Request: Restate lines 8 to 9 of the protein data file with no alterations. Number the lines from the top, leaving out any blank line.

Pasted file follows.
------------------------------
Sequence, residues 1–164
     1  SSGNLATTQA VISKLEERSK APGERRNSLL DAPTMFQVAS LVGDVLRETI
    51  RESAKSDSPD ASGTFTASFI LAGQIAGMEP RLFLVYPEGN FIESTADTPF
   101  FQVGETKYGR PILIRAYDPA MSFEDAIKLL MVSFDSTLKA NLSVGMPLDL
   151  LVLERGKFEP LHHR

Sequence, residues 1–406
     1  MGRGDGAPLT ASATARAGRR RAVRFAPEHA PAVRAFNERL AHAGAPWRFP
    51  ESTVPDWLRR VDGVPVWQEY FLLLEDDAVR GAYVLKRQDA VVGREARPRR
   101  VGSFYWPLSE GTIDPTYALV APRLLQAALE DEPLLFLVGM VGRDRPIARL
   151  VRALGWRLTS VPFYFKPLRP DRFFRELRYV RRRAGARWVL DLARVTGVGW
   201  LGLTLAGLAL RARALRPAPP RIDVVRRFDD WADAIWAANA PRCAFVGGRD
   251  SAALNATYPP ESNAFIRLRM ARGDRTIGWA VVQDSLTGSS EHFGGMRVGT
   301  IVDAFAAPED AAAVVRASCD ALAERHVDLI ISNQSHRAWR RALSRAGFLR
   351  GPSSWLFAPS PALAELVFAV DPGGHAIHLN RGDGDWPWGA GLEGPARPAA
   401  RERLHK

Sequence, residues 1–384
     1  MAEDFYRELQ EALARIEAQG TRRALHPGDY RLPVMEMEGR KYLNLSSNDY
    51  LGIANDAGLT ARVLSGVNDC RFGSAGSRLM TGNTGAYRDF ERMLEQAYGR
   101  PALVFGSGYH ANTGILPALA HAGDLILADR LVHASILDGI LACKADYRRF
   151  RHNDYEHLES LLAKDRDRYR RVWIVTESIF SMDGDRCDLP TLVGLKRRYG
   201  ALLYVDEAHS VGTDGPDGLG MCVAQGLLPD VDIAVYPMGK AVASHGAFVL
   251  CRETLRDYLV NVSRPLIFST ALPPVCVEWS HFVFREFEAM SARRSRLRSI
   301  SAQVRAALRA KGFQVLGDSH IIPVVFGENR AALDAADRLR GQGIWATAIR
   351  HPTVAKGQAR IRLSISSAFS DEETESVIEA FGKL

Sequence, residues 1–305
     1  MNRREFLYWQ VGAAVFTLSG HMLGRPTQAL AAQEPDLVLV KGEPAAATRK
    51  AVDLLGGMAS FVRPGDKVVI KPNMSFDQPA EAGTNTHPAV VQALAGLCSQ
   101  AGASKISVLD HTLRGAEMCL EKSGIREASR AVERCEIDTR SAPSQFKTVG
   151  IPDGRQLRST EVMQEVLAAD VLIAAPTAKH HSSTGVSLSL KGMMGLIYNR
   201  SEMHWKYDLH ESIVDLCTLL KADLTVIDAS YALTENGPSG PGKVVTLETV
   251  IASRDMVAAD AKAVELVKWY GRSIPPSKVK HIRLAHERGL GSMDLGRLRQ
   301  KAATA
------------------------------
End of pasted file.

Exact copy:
    51  ESTVPDWLRR VDGVPVWQEY FLLLEDDAVR GAYVLKRQDA VVGREARPRR
   101  VGSFYWPLSE GTIDPTYALV APRLLQAALE DEPLLFLVGM VGRDRPIARL